ORLANDO, Fla. — It wasn’t as if Nikola Vucevic began this season, his first as a member of the Orlando Magic, with the specific goal of being good enough to earn a spot in the NBA’s Rising Stars Challenge.
Establishing the sort of consistency he was unable to do as a rookie with the Philadelphia 76ers would have been a sufficient reward.
Fifty-two games and a whole bunch of double-doubles later, the 22-year-old center has emerged as the Magic’s one true constant. So it came as no surprise when Vucevic was named to be one of the participants in Friday night’s game in Houston involving the top first-year and second-year players in the NBA.
Vucevic will be joined at the All-Star weekend event by Magic first-round draft pick Andrew Nicholson, who was chosen as a replacement for the injured Andre Drummond. In a quirk that isn’t lost on either player, Vucevic and Nicholson will be on opposite teams.
In perhaps the sweetest development of all, the player who went largely unrecognized in the four-team trade that sent Dwight Howard from the Magic to the Los Angeles Lakers is challenging Howard for the league lead in rebounds — and, according to several advanced statistical categories, is enjoying a better season than the player who was the face of the franchise from 2004 through his long and drawn-out departure in August.
“I knew he could shoot the basketball. So that’s what I knew about him going forward,” said Magic coach Jacque Vaughn, who followed Vucevic’s college career at USC and his brief stint with the 76ers. “But his ability to get rebounds and provide a touch around the rim with both hands has been extremely impressive to me.”
That ability was best illustrated Dec. 31 against the Miami Heat, when Vucevic accomplished something not even Howard or Shaquille O’Neal were able to do during their years with the Magic by pulling down 29 rebounds.
Although he pretty much had nowhere to go but down after that performance, the drop was anything but precipitous. Before being held out in the fourth quarter Wednesday night of a lopsided loss to the Atlanta Hawks, Vucevic had gone 30 games in a row with at least nine rebounds, the longest such streak by anyone this season.
His averages of 12.4 points and 11.5 rebounds are more than double what he posted in 51 games in Philadelphia last season and should earn him consideration in the months ahead for Most Improved Player honors.
“Rebounding is something I can do pretty well because of my size and (because) I have a good feel for the game,” he said. “I have a feeling where the ball is going to bounce off and just follow it.”
Said Vaughn: “He has great anticipation, great instincts to know where the ball is. And I think he’ll even be better once he gets more physical. He’ll be able to get some of those rebounds where he’s just stronger and bigger than the other guy.”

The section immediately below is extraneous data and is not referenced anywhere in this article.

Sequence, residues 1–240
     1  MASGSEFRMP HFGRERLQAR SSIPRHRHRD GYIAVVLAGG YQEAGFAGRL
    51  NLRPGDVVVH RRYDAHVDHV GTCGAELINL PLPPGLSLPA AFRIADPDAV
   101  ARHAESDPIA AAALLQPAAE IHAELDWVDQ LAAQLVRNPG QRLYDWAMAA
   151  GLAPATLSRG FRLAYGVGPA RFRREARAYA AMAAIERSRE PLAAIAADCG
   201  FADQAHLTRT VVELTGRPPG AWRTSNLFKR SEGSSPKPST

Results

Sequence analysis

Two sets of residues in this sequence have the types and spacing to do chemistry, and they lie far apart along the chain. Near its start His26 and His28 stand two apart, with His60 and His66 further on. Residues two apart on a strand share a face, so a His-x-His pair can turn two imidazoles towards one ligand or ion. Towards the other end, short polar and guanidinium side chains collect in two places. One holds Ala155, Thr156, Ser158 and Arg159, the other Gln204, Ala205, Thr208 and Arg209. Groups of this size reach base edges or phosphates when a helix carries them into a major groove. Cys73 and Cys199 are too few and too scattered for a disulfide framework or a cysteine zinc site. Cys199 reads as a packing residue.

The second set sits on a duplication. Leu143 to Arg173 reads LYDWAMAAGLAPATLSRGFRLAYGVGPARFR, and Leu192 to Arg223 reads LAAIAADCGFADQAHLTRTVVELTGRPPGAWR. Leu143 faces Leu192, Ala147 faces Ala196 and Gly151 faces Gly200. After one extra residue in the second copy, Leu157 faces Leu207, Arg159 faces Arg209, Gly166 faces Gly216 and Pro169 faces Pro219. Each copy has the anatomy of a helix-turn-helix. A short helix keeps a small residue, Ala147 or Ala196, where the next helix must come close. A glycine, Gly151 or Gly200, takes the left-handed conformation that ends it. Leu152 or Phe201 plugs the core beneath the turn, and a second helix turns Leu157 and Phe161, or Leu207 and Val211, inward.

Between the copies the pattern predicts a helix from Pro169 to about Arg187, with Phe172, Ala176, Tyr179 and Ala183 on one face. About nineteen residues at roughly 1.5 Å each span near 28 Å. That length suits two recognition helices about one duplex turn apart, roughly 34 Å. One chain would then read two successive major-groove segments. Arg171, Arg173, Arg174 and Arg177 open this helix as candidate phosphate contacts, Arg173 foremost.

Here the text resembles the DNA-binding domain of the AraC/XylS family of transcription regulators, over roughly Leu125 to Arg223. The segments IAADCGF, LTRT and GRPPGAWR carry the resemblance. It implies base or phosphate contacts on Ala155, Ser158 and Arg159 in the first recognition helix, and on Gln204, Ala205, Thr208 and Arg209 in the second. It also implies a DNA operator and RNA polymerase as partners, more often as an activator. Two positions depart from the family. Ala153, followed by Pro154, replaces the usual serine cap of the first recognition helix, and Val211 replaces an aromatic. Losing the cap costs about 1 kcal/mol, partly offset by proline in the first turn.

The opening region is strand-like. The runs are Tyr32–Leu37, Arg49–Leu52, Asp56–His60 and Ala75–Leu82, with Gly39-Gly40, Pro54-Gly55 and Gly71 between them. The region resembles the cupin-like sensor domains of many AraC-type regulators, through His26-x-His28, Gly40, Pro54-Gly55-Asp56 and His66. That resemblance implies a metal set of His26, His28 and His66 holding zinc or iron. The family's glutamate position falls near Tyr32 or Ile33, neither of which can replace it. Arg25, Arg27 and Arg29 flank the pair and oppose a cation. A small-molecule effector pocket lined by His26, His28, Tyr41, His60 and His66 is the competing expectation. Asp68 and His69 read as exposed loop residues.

As a 7-footer with a wingspan of 7-5, Vucevic possesses a natural advantage when it comes to grabbing missed shots. But on Friday night, he need look no further than the man who will coach his squad — Basketball Hall of Fame inductee and current TNT analyst Charles Barkley — for proof that rebounding isn’t simply a matter of being tall.
Despite being an undersized power forward, Barkley led the NBA in offensive rebounds for three consecutive seasons. So while other young players might think of him more from his in-studio wisecracking with O’Neal, Vucevic is taking his meeting with Barkley seriously.
“I haven’t met him before,” he said. “But he knows the game and he played for a long time, so I can probably learn a lot from him.”
Vucevic already has someone providing him an example of basketball longevity. His father, Borislav, played professionally for 24 years and was a member of the Yugoslavian national team that included the legendary Drazen Petrovic.
When word got out back home in Montenegro about his son’s selection, Vucevic’s father wasted little time getting on the phone.
“He’s very happy for me for all the work I put in,” said Vucevic, who was born in Switzerland and raised in Belgium when his father’s career took him there. “He knows how much work I put in and how much effort and all the time I spent.”
Their relationship is as much coach-player as it is father-son. Vucevic thought he was doing his dad a favor by purchasing NBA League Pass for him but now admits with a laugh that it “wasn’t very smart because now he can watch all my games and critique me.”
That sort of tough love has come in handy during the Magic’s tough season.
“He’s really like my personal coach, my best coach,” Vucevic said. “He’s always honest with me. He tells me the way it is. If it wasn’t for him, I wouldn’t be here today.”
And before too long, the two of them will get the chance to talk face-to-face again.
“He’ll come here sometime, probably in March,” Vucevic said. “He’s not a huge traveler.”